• 15. Osho, Einstein, Werner Heisenberg, and Ken Wilber!JK Osho, Harris, Krishnamurti, WilberAm now plunging into several books, including Oshos Discipline ofTranscendence: Discourses on the 42 Sutras (four volumes); Sam Harriss Letter toa Christian Nation, the follow up to his great book, The End of Faith;Krishnamurtis Journal, a small, beautiful book, the only one he wrote instead ofspeaking; and Ken Wilbers most recent work, Integral Spirituality. Each day I reada chapter from each of these books, plus a few saved articles from papers andmagazines. Wonderful to explore great writers and interesting subjects!DS Eckhart TolleNot to be tooting Eckhart Tolles horn — I still havent read the whole of The Powerof Now —but as I browse through it, I find hes so accessible to such a wide rangeof otherwise closed, or small, or overly sophisticated minds that I have for thesecond time found him useful.I have a friend who is stuck at the level of the rational mind, and yet has recentlyfound himself dissatisfied with analysis, scholarship, research, etc. He also findshimself ultra-skeptical of transrational domains, regards revelation-without-documentation as being simplistic hoofey-spoofey nonsense, and more or lessinsists that the rational-analytical-mental-scientific-Enlightenment mind is the onlyreality. 15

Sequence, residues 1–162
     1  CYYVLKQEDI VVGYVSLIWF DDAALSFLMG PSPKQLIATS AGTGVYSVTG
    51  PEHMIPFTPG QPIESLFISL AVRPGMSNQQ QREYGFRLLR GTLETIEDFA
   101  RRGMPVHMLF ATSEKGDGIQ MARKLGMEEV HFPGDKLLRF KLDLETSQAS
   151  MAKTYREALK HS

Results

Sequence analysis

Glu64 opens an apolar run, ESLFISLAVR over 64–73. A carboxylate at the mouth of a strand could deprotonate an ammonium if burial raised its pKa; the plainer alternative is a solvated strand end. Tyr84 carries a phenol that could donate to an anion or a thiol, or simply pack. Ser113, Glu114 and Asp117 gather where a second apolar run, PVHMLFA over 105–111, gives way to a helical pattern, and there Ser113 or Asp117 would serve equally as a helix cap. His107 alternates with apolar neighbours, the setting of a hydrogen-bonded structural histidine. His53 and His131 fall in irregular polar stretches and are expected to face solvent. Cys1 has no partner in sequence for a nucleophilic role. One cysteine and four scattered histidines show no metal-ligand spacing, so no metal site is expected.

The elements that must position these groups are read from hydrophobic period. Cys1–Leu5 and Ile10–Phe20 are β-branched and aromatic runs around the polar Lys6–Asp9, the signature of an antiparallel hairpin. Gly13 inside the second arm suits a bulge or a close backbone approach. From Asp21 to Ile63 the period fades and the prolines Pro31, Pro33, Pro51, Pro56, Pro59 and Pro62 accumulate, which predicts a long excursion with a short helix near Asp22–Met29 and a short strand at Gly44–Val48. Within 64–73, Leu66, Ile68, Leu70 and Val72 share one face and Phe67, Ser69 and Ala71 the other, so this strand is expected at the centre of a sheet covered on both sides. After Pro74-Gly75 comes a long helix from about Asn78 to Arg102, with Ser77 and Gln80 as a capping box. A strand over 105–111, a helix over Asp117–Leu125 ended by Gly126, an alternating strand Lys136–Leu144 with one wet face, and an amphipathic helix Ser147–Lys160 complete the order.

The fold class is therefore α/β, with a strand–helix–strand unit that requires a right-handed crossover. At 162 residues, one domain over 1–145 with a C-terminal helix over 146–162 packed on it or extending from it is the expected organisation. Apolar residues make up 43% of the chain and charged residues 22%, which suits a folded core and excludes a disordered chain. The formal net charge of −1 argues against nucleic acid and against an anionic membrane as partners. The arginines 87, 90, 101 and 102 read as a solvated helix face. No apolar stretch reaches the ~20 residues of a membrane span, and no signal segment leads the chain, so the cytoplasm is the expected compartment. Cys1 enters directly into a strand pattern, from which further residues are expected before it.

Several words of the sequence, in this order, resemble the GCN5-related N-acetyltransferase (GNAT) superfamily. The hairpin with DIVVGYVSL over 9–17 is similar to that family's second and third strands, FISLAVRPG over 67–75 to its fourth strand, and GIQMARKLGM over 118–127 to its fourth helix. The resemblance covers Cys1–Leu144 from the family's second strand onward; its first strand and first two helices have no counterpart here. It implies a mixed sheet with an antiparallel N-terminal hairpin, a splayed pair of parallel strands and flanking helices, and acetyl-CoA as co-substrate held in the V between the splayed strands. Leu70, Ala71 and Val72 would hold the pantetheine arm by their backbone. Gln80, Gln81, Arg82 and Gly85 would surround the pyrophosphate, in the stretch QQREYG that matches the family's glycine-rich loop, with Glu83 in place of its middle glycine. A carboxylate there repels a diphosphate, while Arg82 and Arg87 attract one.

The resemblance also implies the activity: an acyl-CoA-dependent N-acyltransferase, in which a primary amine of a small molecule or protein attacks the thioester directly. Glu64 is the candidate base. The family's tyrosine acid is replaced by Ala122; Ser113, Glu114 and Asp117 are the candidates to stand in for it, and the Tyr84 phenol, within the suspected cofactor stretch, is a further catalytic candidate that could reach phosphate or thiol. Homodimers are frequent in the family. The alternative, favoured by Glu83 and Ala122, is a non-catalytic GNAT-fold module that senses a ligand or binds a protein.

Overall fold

• 16. In other words, he blocks himself both ways: He remains victimized by scientismeven though his long-established approach isnt working any more, and yet herejects the notion of developmental evolution into more expansive psycho-spiritualunfolding.Well, I took a chance and suggested Tolles Power of Now, just to see what mighthappen, which, lo and behold, my friend is now reading. Hes finding it relevant tohis life and needs and is surprised to view himself in this new light.I think if he can get a foothold here, he might be willing and able to step up theladder another notch, checking into some of the other people I mention along theway.Drop me a note when you feel like it, yes?SA Wake Up and Dance!I have often noticed that my appreciation of beauty happens when I am not thinkingabout how lovely the sunset or the painting or the music is. In fact, my experienceof beauty takes place when "I" am not there at all. It takes place when I am notthinking, not analyzing or "wording." That is, when I am not drifting and dreamingand "dialoging behind my eyes," but when I am fully present.Then I ran across Eckhart Tolles "The State of Presence" (The Power of Now,Chapter Five), and especially the section entitled "Beauty Arises in the Stillness ofYour Presence."It is a well-articulated passage about my own experiences of beauty and my ownobservations about it. There are a number of passages like that in the book. As I leaf 16